But really I don’t want to have to do these edits and would rather buy a better remastered version but it’s impossible to confirm which of the numerous CD reissues have the mp3 improvements on Amazon. And communicating with vendors is a stiff arm process as well when yesterday in an email exchange with an Amazon seller selling a collector’s edition at a reasonable price of the original 1985 MCA label first pressing, when I asked about the sound, the vendor answered back that he couldn’t play the Amazon samples to make a comparison because of some virus. This is the kind of people I deal with just trying to buy a CD. It’s downright worse than buying at a brick and mortar store.

I’ve sent an email to Amherst Records label about this and they are going to get back to me.

I’ve got '70’s & ’ 80’s Weather Report and big band jazz first CD releases that sound similar in bass response and overall tinny sound. As a digital hobby it’s fun to work on these songs in Audacity and play in my car to see how sound perception changes depending on listening device and surroundings. I now know which reverb effect to apply as a way to balance and temper high energy songs.

It’s not only CD’s, I’m afraid. I often ask questions about gear, only to get responses clearly showing they haven’t got the faintest idea what that gear can do. Or can’t do, for that matter. Even ebay sellers are better informed. Better liars too :laughing:

I inquired about an equalizer recently and the vendor supposed it could do compression too. It can’t, but it’s digital and complex, so they “suppose” it could be used as a compressor.

So I pay a little bit more when I buy from my local store, or one of the big stores that only sells audio gear, like Thomann. At least, these people know when they don’t know and they’ll forward the question to the manufacturer.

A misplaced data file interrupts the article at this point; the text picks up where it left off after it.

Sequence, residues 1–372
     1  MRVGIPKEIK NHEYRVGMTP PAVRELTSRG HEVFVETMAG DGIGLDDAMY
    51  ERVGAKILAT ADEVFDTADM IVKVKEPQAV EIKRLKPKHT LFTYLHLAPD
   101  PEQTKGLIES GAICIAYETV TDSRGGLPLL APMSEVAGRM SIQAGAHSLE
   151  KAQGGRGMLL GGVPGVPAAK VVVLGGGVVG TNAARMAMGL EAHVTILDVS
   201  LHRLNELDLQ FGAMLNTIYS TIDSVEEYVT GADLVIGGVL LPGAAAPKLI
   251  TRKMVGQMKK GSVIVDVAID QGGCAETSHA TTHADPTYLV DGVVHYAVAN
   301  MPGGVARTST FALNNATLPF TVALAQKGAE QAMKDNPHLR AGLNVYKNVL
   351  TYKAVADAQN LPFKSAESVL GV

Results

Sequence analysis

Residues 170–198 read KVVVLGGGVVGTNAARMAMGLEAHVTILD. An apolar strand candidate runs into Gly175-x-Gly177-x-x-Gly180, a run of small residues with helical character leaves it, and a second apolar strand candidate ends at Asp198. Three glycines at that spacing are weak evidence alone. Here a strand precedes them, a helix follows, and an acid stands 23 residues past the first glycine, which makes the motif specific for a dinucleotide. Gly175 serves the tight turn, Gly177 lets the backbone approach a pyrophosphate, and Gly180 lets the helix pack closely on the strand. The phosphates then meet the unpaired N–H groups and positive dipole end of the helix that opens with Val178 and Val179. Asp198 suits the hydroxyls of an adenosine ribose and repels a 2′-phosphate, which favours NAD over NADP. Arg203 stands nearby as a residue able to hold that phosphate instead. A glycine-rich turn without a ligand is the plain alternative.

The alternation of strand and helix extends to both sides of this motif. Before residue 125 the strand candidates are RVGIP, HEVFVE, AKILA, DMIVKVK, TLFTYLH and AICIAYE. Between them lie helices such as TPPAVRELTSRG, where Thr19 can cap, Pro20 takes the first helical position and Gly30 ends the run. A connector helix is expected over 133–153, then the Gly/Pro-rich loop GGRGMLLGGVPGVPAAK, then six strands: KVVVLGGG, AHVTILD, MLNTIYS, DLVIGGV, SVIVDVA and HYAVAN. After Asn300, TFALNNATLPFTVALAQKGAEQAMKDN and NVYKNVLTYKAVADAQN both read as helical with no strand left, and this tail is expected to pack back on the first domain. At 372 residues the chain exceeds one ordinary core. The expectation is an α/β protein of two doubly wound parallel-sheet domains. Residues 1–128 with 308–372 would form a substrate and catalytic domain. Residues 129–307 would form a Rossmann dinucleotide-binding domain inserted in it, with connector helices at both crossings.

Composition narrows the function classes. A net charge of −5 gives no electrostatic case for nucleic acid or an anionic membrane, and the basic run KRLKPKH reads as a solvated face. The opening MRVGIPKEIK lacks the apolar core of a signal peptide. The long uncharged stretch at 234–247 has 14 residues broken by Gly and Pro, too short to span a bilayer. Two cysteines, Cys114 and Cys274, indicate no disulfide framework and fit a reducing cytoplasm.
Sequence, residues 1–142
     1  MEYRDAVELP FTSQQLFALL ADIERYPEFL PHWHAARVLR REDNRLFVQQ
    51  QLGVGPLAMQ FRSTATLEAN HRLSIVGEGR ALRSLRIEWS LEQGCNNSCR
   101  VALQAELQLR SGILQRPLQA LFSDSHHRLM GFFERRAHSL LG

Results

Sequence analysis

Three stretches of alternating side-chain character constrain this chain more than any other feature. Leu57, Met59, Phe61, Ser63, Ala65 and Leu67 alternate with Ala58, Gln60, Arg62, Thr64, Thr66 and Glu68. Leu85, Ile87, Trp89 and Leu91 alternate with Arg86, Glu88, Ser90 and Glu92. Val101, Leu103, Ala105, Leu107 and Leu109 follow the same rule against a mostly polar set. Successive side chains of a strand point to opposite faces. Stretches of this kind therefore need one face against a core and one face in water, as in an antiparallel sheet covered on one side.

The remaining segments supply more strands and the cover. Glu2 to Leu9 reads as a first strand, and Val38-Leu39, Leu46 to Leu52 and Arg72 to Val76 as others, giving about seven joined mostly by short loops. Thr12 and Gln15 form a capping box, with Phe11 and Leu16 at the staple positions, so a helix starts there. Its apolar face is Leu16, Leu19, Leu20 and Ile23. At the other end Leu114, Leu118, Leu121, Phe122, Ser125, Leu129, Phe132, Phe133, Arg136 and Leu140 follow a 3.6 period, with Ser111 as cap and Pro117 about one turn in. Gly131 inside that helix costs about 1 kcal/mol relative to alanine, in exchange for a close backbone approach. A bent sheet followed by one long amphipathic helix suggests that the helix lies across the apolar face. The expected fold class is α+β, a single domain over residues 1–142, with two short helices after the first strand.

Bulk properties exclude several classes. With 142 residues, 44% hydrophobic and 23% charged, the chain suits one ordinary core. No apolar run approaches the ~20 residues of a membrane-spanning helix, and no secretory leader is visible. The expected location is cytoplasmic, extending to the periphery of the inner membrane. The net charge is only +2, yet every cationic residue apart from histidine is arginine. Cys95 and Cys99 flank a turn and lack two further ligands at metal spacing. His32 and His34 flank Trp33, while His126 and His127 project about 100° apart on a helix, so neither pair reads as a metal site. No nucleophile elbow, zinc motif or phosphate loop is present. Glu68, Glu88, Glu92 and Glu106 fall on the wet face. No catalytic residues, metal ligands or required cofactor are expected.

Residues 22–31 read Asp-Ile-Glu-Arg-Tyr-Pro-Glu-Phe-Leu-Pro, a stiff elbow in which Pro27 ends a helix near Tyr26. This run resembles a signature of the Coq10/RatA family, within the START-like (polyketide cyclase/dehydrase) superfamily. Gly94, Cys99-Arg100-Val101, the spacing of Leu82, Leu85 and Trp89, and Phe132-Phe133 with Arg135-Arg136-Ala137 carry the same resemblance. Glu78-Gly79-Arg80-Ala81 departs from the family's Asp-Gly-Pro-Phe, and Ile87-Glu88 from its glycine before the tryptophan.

Well I had to check to see if the Amazon mp3 samples were really altered from my 1994 CD re-issue, so I downloaded one of the 89¢ mp3 selections off the Amazon Amherst Records label page and analyzed the bass region and sure enough the mp3 has a 7db boost in the 50Hz region only (hopefully my car’s subs will reproduce). See attached plot spectrum.

The mp3 still is reproducing slammed to the wall 20K data as the 1994 aiff which puzzles me because that has got to be noise. Unless they mic-ed the symbols I can’t imagine what detail is being preserved to hear over what amounts to a lot of loud high energy music.

I think I’ll just buy a new CD (not used) from a reputable vendor I’ve bought CD’s from before and stay clear of imports which I noticed one unknown vendor says his is an import from Canada which is what’s stated on my 1994 CD. Not going to get that one. But I have to wonder what it means when one vendor specifically states “Brand new factory sealed straight from the studios” and another one states ships from the USA.

If you think I’m being picky you should see how many ZZ-top duplicate CD’s I have to make sure one doesn’t have the goofy sounding reverb and over dubbed drum section from an '80’s remastering/re-issue of an original '70’s version.

And before anyone asks why I don’t just buy the Amazon mp3’s, I have to say I prefer factory stamped CD’s over CD-r’s. I don’t listen to music on mobile devices since I don’t own any. Don’t need them.

And this 2009 thread I started over on a photography site I hang out will show you another aspect of CD-R’s you may not be aware of and why I prefer factory stamped CD’s…